Jakarta People & Cultures

Jul 1st, 2008, in Society, by

A Betawi figure worries that many immigrants to Jakarta are too narrow in their cultural perspective.

Writer and historian Ridwan Saidi says many newcomers to Jakarta bring with them a “homogeneous” culture, perhaps meaning inflexible or narrow, and when they come into contact with the diversity and chaos of the capital city become shocked, and sometimes attempt to force their worldview onto others.

Forgive me for saying this, but Jakarta is suffering from migrants who are mono-cultural. I’m Betawi, born and bred here, but from my childhood I could see and feel that Jakarta was culturally heterogeneous.

Jakarta was a meeting point for people from all sorts of backgrounds, religions, ethnic groups, and cultures, he said, but increasingly the social relations of the city were being disturbed by people who reacted harshly against this diversity.

The conflicts are usually caused when these people try to force their view onto others.

Ridwan Saidi was speaking on 22nd June, the anniversary of Jakarta’s foundation, and said that as an Islamic politician he was very pleased that this day coincided with the proclamation of the Jakarta Charter, which included the “seven words” that would have required Muslims to live by sharia law, had they not been omitted from the final draft of the 1945 constitution, but that using force and intimidation was something different.

Ridwan Saidi
Ridwan Saidi

He recommended that people who lived in Jakarta better understand the history of the city, so that the potential for conflict be reduced. antara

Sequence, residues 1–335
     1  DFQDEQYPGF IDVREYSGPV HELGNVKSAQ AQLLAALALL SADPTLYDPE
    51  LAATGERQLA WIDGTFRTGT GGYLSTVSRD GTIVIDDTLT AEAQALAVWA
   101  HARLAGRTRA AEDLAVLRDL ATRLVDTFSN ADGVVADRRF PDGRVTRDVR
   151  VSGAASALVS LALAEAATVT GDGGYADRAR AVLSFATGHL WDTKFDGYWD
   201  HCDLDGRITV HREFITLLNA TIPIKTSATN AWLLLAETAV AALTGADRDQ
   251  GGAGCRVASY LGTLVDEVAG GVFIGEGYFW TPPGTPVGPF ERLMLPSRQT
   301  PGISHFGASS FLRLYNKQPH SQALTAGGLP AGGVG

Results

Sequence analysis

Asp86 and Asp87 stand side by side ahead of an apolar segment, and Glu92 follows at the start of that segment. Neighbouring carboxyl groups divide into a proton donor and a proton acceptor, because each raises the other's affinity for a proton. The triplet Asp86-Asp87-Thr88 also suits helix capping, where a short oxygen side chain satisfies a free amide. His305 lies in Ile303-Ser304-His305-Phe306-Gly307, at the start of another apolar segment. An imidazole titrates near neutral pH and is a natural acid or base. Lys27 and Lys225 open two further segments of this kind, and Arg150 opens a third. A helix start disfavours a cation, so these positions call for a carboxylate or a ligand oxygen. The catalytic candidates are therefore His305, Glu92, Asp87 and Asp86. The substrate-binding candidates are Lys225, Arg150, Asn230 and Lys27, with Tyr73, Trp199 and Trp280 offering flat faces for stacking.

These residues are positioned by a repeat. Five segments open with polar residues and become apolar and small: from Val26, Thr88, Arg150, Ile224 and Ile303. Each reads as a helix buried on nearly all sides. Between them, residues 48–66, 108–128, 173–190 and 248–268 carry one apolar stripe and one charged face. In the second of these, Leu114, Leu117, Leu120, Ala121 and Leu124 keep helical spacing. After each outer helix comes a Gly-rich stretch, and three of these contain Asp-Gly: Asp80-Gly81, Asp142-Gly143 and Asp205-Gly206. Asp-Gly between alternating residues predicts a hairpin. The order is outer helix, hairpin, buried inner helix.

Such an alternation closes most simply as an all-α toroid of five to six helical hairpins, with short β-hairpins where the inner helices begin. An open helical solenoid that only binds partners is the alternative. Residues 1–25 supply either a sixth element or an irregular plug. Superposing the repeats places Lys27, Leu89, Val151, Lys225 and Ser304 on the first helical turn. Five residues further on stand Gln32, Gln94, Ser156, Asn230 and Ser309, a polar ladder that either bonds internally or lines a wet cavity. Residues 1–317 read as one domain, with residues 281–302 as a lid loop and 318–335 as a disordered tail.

It’s true there are multiple versions of Jakarta’s history, I can’t always reconcile them, but for me and some other Betawi people Jakarta has to be preserved as it is. It’s our capital city, it has to be our priority.


4 Comments on “Jakarta People & Cultures”

  1. berlian biru says:

    Is there such a race (if that’s not the wrong word) as “Betawi”?

    My understanding was that the betawi were similar to the natives of that other great Dutch colonial port, Cape Town, the “Cape Coloureds” (forgive me for using the ugly apartheid term but as I understand it that is how they self identify); a mix of local people with the descendants of Dutch, Portuguese, Arab, Chinese, Indian, Malay, African, British all thrown into the melting pot.

    Their slightly paranoid sense of special identity is also somewhat similar to the Cockneys and Scousers of London and Liverpool who bang on about their ‘special’ identity despite their rather obvious ‘mongrel’ ancestry.

  2. M says:

    @berlian biru: there is.

    Betawians are urban indegenous. Betawi pinggir, which mostly still hold ‘pure’ local blood are people whose descendants lived in Jakarta area since ‘forever’. then when the Arabic came, some got married with the Arabs and they became what is now known as Betawi Arab. Some mixed with Chinese and known as Betawi Cina, few mixed with the Dutch/Portuguese/British.

    Each have slightly different accent. Easiest to recognize is the betawi pinggir, who used to say gua instead of gue.

    Paranoid sense of special identity? My Goodness, what are you talking about? some people enjoy international status, belong to no specific land, but others like to have religious, spiritual, special engagement with their native land, ancestry, tradition, etc. It’s so human.

  3. berlian biru says:

    That’s me told.

  4. zecky says:

    Whilst it hasn’t been mentioned here, is Ridwan subtly talking about the Islamic fundamentalists?

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